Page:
“The Sunday services didn’t stop for world wars or even the 1919 Spanish flu pandemic or the polio epidemic in 1937.”
The current coronavirus pandemic, however, has closed the doors of every place of worship in Australia on the instructions last month of federal and state governments.
Among other historic bluestone churches in Portland closed down are the graceful Catholic All Saints Church, built above the town’s harbour in 1857, and Wesley Church, now a Uniting Church, built in 1865.
Since the closure, either Reverend Lineker or his fellow cleric, Deacon Alan Ford, have performed lonely prayer services, morning and evening, at St Stephen’s. They admit they lack the technical ability to stream the services via the internet.
The two deacons devote part of each day to phoning parishioners to ensure their needs are being met.
The lack of a congregation for services, however, is causing a crisis of purpose, Reverend Lineker says.
“I’m also the chaplain to the Mission to Seafarers here in Portland, but of course that’s not operating. I’m the chaplain to three nursing homes, and I’m not allowed to enter any of them, either.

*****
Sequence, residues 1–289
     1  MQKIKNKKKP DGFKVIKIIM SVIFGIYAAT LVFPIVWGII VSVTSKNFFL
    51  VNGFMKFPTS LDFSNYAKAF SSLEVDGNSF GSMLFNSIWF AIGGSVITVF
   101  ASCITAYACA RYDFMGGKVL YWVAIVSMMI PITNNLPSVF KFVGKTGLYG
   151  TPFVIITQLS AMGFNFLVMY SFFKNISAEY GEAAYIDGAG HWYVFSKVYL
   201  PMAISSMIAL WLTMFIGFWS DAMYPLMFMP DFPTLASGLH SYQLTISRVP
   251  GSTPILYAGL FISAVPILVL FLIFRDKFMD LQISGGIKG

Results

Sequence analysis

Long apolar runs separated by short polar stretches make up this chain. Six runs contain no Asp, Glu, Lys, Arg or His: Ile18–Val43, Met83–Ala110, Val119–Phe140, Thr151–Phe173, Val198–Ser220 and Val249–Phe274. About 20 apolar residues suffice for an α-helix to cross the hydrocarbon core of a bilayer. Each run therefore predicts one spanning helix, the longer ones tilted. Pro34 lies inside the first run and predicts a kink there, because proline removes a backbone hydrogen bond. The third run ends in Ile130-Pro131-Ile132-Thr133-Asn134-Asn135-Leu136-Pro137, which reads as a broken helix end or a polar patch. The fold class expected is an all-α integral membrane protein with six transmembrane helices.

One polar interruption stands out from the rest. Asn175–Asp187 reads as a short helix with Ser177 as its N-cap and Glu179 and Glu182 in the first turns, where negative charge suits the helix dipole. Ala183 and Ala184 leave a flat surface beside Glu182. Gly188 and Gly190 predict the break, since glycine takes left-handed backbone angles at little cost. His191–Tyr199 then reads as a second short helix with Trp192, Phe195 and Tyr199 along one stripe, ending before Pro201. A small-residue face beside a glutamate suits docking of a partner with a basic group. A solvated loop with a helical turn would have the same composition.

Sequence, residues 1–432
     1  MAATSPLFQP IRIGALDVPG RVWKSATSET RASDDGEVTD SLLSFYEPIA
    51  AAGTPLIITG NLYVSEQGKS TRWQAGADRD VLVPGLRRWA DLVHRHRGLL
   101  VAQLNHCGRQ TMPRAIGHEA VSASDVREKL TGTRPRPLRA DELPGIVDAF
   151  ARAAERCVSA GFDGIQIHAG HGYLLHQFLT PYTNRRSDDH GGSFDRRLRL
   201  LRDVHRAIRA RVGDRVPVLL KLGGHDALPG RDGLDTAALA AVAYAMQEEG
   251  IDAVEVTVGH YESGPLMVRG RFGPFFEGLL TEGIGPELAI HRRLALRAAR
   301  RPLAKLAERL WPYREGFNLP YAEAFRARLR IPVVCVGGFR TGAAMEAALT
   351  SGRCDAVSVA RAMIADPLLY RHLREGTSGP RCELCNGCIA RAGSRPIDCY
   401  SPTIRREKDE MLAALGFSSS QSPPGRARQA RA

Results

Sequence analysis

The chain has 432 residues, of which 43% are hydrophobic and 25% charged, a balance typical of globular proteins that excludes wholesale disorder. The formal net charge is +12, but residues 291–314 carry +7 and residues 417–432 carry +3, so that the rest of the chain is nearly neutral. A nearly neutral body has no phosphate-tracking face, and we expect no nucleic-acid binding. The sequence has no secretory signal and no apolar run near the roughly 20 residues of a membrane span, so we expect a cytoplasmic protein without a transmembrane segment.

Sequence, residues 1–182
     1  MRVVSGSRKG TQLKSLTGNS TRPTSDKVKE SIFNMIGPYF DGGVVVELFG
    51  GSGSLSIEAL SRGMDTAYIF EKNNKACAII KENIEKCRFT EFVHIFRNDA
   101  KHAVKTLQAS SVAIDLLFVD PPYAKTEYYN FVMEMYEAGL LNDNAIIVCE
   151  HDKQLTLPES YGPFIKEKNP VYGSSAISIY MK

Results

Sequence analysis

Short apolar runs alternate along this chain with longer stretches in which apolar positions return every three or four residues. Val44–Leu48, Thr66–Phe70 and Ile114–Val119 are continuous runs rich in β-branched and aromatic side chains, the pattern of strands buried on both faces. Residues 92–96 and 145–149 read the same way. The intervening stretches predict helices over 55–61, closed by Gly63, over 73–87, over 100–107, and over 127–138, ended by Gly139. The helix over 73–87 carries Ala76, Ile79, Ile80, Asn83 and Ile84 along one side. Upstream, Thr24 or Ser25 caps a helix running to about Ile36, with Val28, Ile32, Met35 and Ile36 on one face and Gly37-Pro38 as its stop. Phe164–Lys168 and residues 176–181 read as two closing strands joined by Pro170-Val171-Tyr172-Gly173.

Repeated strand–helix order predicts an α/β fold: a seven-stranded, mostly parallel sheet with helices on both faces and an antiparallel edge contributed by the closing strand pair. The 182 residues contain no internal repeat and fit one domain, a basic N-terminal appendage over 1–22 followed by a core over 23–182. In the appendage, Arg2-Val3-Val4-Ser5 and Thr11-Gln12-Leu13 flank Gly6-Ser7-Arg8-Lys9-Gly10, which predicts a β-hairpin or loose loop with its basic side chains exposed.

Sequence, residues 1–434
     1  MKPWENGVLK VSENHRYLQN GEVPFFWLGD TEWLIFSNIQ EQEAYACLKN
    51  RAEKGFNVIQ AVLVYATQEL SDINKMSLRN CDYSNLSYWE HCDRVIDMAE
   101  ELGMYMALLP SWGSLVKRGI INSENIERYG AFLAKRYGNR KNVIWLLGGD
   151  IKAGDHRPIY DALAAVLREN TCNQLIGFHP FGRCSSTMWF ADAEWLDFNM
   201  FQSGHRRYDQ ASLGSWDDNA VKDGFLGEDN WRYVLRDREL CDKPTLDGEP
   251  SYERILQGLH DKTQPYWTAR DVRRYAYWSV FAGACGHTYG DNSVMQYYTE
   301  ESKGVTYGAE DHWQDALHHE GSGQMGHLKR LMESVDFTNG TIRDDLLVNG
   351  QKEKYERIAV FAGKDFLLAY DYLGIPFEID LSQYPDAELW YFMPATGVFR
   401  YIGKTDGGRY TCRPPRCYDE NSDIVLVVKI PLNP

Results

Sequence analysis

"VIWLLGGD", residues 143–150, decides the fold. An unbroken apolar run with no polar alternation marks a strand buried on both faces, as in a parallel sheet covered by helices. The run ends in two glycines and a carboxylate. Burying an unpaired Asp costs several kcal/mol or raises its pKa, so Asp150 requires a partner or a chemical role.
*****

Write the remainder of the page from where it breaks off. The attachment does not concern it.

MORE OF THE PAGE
“So I give the morning and evening prayers alone, and I go for a run. It’s a difficult time.”
The activities director at one of Portland’s larger nursing homes had told him many of the residents were distressed at the loss of a Sunday service.
“A lot of the people there are in their 80s and beyond. They look forward to the Sunday service, and suddenly, it’s not there for them,” the deacon said.
St Stephen’s was built in 1856 with the support of the Henty family, making it Victoria’s oldest Anglican church.
However, continuous Church of England services had been held in the 24 years before that, first in the open, later in the Henty family home and at the Henty woolstore and, from 1842, in a schoolhouse that still sits next to the church.
A huge olive tree, planted in 1881 from a seed taken from the Garden of Gethsemane at the foot of the Mount of Olives in Jerusalem – where the Gospels say Jesus underwent his anguish, sweating drops of blood the night before he was arrested and crucified – sits by the church walls.
And now, like all the other churches in the land, a virus has condemned the old bluestone churches of south-west Victoria to sit empty, apart from the lonely whisper of morning and evening prayers.
Tony Wright is the associate editor and special writer for The Age and The Sydney Morning Herald.